At its simplest, a query can be just a word or a phrase. But with the tips on this page, you can expand the focus of your query to give you more complete results. These tips will get you started with basic query language and acquaint you with the full power of the search engine.
- By default, phrases will be searched for as though they were all one statement. If you do not get the results you want, try linking your search terms with the word AND if all words need to be found in the same result. Link the search terms with OR to find results that contain one or more of the words in your list.
- Put quotation marks around keywords if you want to search for the terms literally. For instance, if you type the following query:
"Federal Energy Regulatory Commission"
The search engine will literally look for the complete phrase Federal Energy Regulatory Commission.
- By default, a word search will do a search on the word as typed and variations of the word such as bank, banking, and banker. To search solely for the term bank, place the word in double quotations, "bank."
- Use of the operator AND will return results containing all of the search words specified.
Example: cats AND dogs
- Refine your queries with the NOT keyword to exclude certain text from your search. For example, if you want to find all instances of surfing but not surfing the Net, write the following query: surfing AND NOT "the Net"
- Add the OR keyword to select documents that include at least one of the search terms specified, for example: Abbott OR Costello This query finds all pages that mention Abbott or Costello or both.
- To find words in close proximity, use one of the following operators:
Selects documents that contain two or more words within N number of words of each other. N is optional.
Example: gathering<near/3>offshore will locate the words gathering and offshore within three words of each other.
Selects documents that include all of the search elements you specify within a paragraph.
Example: "interstate commerce"<paragraph>"natural gas"
Selects documents that include all of the specified words within a single sentence.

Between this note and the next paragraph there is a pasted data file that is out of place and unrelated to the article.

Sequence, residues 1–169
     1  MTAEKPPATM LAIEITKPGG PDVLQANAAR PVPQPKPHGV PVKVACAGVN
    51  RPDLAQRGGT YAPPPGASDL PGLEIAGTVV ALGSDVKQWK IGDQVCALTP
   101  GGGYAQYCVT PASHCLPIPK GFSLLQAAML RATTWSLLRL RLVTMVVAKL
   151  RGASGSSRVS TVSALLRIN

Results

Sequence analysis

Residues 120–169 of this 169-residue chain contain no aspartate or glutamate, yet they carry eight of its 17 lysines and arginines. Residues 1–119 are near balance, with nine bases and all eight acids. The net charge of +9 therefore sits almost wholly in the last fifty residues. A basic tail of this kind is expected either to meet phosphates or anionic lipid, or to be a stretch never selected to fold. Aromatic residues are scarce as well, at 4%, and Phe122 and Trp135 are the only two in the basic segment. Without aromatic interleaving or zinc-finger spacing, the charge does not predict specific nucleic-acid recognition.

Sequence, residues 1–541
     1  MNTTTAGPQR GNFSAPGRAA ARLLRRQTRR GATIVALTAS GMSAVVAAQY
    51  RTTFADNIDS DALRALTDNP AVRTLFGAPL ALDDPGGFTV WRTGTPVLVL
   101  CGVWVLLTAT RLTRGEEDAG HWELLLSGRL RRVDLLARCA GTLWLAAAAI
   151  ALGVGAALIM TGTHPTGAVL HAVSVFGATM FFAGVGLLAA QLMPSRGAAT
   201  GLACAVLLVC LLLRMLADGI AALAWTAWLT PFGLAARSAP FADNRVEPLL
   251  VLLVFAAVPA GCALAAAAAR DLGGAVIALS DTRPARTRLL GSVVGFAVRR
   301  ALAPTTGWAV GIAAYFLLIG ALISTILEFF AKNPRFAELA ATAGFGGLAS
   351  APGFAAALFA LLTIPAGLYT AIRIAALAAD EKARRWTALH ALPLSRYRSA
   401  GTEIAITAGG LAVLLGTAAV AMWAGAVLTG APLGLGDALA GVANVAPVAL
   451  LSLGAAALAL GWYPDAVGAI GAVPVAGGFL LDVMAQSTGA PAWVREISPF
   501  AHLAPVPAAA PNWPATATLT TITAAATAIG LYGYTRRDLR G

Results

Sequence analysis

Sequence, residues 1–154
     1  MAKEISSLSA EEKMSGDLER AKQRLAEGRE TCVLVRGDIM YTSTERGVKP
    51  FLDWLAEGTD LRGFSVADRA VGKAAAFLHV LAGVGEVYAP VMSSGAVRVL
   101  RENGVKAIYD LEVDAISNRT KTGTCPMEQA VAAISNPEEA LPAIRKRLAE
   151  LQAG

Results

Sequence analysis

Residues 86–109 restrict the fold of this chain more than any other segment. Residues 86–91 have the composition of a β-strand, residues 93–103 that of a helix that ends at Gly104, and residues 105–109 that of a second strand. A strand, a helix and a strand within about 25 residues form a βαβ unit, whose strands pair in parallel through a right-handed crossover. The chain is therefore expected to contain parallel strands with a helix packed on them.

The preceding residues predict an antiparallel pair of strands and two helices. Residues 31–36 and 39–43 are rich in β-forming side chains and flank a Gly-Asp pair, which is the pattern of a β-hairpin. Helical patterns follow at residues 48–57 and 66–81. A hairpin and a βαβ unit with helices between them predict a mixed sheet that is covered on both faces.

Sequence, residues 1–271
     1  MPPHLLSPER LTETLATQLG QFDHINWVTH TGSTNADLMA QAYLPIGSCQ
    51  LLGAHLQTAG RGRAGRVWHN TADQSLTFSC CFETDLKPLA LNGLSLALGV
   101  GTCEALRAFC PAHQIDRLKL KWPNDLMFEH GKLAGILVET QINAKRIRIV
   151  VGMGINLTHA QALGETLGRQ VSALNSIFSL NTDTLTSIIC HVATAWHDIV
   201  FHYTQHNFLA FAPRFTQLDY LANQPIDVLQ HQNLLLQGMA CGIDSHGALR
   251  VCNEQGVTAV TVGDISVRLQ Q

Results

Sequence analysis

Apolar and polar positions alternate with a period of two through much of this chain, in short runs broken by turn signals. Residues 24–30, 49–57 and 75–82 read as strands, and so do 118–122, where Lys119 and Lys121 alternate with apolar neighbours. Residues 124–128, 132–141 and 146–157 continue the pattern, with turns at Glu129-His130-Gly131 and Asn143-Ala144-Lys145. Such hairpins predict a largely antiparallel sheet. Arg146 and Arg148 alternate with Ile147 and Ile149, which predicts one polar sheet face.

Example: "interstate commerce"<sentence>"natural gas"
Expands the search to include the specified word and one or more words that sound like, or whose letter pattern is similar to, the word.
Returns documents that include words such as "sell", "seal", "shell", and "scale." Try also the operator TYPO which expands the search to include the specified word plus words that are similar, e.g., <TYPO>mouse will return documents including "house," "louse," and "moose."
Considers the density of search words when calculating relevance-ranked scores. This operator will rank shorter documents with multiple occurrences of the search terms higher than larger documents with the same number of occurrences. Because the relative density of the occurrences is greater in the shorter document, the document is considered to be more relevant to the query.
Specifies the order in which search elements must occur in the document.
Example: <ORDER><PARAGRAPH>(cat,chases,dog) is more likely to return documents that refer to cats chasing dogs, than dogs chasing cats.
Assigns a relative importance, or weight, to search terms from 1 to 100 where 1 represents the lowest importance and 100 represents the highest importance rating.
Ranks documents containing the word excellent higher than those documents containing the word good.